Page last updated at 10:43 GMT, Wednesday, 20 January 2010

Lady T and the licence fee

By Giles Edwards
Producer, BBC Radio 4's Decision Time

Although all the major political parties proclaim their support for the BBC, the march of technology and the financial crisis have prompted a renewed debate about the long-term viability of the licence fee which funds it.

John Birt and Margaret Thatcher composite picture
Mr Birt was director general when Baroness Thatcher was PM

But what would happen if Britain elected a strong-minded prime minister set on abolishing the licence fee?

That is just what happened in the 1980s, when Margaret Thatcher seriously examined taking on the corporation and its funding mechanism.

Now two of the key players in defeating one of the most powerful prime ministers in modern times at the height of her power have revealed how they did it.

'Virulently' anti-BBC

Lord Birt, who as John Birt was deputy director general and later director general of the BBC, and David Mellor, broadcasting minister on several occasions, were both opposed to abolishing the licence fee.

In BBC Radio 4's Decision Time they tell how they used to get together - at Green's gourmet seafood restaurant in London - to plot and discuss how to defeat the BBC's critics.

It was a time, says Mr Mellor, when Mrs Thatcher was "virulently" against the BBC. He urged Mr Birt to be tough in any negotiation.

The important thing in any policy argument of this kind is to remember who makes the decision
John Birt

"I said to John, they're saying you should throw away Radio 1 and Radio 2," he recalls.

"Do not do that. The person in the Gateshead council house has got to have a reason to pay the licence fee. If it appears to be a subsidy from the Gateshead council house to the bloke in Hampstead Garden Suburb plugged into Radio 3, it isn't going to work."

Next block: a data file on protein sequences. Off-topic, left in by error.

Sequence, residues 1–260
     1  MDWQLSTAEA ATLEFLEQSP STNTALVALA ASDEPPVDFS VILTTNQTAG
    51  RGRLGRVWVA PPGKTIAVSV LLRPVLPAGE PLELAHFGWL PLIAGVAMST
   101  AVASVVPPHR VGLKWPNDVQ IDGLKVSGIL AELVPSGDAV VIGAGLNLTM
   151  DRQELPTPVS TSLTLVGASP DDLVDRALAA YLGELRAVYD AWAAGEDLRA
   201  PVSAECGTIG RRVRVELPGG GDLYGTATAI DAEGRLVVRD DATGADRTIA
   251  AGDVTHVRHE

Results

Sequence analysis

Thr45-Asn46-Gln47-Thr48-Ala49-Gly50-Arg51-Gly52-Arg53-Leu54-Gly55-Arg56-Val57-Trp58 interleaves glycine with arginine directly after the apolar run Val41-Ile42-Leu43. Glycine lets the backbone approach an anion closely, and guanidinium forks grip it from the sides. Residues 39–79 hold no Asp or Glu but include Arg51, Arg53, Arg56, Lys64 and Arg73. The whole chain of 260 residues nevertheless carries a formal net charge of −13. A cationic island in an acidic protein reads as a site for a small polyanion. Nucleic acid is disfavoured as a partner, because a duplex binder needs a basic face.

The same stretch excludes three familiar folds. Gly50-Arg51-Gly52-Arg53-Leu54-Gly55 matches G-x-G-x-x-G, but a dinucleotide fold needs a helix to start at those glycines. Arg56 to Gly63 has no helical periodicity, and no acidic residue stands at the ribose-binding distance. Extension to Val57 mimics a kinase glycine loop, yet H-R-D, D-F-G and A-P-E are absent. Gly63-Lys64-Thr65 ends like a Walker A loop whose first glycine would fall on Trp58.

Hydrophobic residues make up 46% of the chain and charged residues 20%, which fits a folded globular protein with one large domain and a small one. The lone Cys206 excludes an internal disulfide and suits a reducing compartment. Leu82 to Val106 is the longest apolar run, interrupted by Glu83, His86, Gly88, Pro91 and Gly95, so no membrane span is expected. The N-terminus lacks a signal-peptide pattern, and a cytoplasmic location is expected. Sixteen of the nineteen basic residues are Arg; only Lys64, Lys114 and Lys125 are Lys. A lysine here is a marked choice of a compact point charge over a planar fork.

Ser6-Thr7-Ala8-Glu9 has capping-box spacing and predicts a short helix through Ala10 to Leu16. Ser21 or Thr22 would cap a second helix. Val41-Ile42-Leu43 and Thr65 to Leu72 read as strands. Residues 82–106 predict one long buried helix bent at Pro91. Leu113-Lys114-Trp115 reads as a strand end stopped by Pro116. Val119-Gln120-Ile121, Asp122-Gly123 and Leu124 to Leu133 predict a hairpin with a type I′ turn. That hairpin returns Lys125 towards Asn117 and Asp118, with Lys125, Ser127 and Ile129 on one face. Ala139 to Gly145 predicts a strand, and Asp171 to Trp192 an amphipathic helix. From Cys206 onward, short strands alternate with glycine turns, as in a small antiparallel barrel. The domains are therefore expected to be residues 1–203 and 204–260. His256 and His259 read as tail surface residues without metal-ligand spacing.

"He gave me a very full and candid account of what was going on in government," says Mr Birt.

"And I gave him an extremely honest and candid account of what I thought the real problems were at the BBC, and we had, in a sense, a negotiation, and we were able to forge a sense of common purpose."

Are there lessons for people still trying to persuade a government of their case?

Mr Birt certainly thinks so: "The important thing in any policy argument of this kind is to remember who makes the decision.

"That's the thing always to focus on: Who makes the decision and who will be in the room when the decision is made, and what are the influences on them?"

He thinks the same argument could be won in a similar way. "Set out to marshal your arguments, and to win through having more people supporting you than opposing you, and David and I did that some years ago, and it could be done again."

One thing which might change is the venue for the plotting. Mr Mellor notes that the fashionable place to plot these days is no longer Green's, but a curry house.

Decision Time is on BBC Radio 4 at 2000 GMT on 20 January 2010.



Print Sponsor


RELATED BBC LINKS


FEATURES, VIEWS, ANALYSIS
Has China's housing bubble burst?
How the world's oldest clove tree defied an empire
Why Royal Ballet principal Sergei Polunin quit

PRODUCTS & SERVICES

Americas Africa Europe Middle East South Asia Asia Pacific